An artificial ‘virus’ that burrows through the walls of bacteria without being spotted by the immune system has been created to fight superbugs.
Antibiotic resistance is considered to be one of the biggest threats facing humanity, alongside climate change and terrorism.
Scientists have now tested a new approach to fighting the escalating public health crisis – taking inspiration from viruses.
Viruses are like ‘solid cages’ built from tiny blocks, with their shape determining their function.
Experts took the shape and used it as a ‘scaffold’ to place elements based on those already used in our immune systems to recognise pathogens.
Tests on cells in the laboratory – and on moths – showed the virus inflicted ‘rapid and irreparable damage to bacteria’.
An artificial ‘virus’ has been created to burrow through the walls of bacteria and defeat infection, in a breakthrough which could help to tackle superbugs (stock image)
Researchers at the National Physical Laboratory in London said the breakthrough was ‘extremely exciting’.
Dr Maxim Ryadnov and his team hope the new viruses could be tested on humans in three years.
Antibiotics kill bacteria or prevent them from spreading. They can generally be put into six groups – these include penicillins and cephalosporins.
WHAT IS ANTIBIOTIC RESISTANCE?
Antibiotics have been doled out unnecessarily by GPs and hospital staff for decades, fueling once harmless bacteria to become superbugs.
The World Health Organization (WHO) has previously warned if nothing is done the world is heading for a ‘post-antibiotic’ era.
It claimed common infections, such as chlamydia, will become killers without immediate solutions to the growing crisis.
Bacteria can become drug resistant when people take incorrect doses of antibiotics or if they are given out unnecessarily.
Former chief medical officer Dame Sally Davies claimed in 2016 that the threat of antibiotic resistance is as severe as terrorism.
Figures estimate that superbugs will kill 10 million people each year by 2050, with patients succumbing to once harmless bugs.
Around 700,000 people already die yearly due to drug-resistant infections including tuberculosis (TB), HIV and malaria across the world.
Concerns have repeatedly been raised that medicine will be taken back to the ‘dark ages’ if antibiotics are rendered ineffective in the coming years.
In addition to existing drugs becoming less effective, there have only been one or two new antibiotics developed in the last 30 years.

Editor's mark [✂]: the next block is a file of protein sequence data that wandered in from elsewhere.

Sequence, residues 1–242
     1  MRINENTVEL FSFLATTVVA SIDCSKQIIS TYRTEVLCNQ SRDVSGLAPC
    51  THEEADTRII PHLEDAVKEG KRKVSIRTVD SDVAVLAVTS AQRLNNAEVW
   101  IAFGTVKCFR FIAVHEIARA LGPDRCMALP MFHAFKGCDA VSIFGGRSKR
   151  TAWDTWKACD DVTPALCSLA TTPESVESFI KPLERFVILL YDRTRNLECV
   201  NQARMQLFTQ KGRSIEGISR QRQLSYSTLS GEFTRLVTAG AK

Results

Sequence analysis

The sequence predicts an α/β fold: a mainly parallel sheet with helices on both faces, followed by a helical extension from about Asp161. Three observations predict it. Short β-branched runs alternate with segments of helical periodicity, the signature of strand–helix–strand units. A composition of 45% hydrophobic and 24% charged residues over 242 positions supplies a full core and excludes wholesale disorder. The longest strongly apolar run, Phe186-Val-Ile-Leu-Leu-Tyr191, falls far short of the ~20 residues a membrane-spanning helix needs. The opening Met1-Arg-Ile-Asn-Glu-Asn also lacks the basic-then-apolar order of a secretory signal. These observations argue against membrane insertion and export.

In September, the WHO warned antibiotics are ‘running out’ as a report found a ‘serious lack’ of new drugs in the development pipeline.
Without antibiotics, C-sections, cancer treatments and hip replacements will become incredibly ‘risky’, it was said at the time.
But the researchers explained that a normal antibiotic only has one ‘target’ on a bacterium.
This means that all that is needed for a bug to become resistant to it and render treatment ineffective is for it to change just one gene.
But the new research from Dr Ryadnov and his colleagues could provide a new weapon in the fight against superbugs.
Existing cells in the body, such as blood cells, are neutrally charged, whereas bacteria are negatively charged.
But the scientists developed the virus to be positively charged, allowing it to seek out the bacteria.
They then engineered the virus to be invisible to the body’s own immune system so that it did not destroy it inadvertently. HOW IS IT INVISIBLE?
Dr Ryadnov told The Times: ‘This means they are almost invisible to the body, like a phantom that is drawn to bacteria.’
In a paper in the journal ACS Nano, Dr Ryadnov and his team showed that their new virus inflicted ‘rapid and irreparable damage to bacterial cells’.
Professor Sonia Contera, of Oxford University, said the research demonstrated the ‘future of medicine’.
She told The Times: ‘The paper describes a wonderful combination of skills: understanding of protein structure and the physics of protein assembly, biology of bacteria and viruses, computational simulations and characterisation techniques from physics and biology.’
‘This work shows clearly the future of medicine, getting inspiration from the strategies produced by evolution to overcome a medical problem and engineering a new version of those strategies at the nanoscale using techniques and expertise across disciplines.’
Around 700,000 people already die yearly due to drug-resistant infections – but it is estimated this will dramatically increase in the next few decades.
Bacteria can become drug resistant when people take incorrect doses of antibiotics, or they are given out unnecessarily.
Figures estimate that superbugs will kill ten million people each year by 2050, with patients succumbing to once harmless bugs.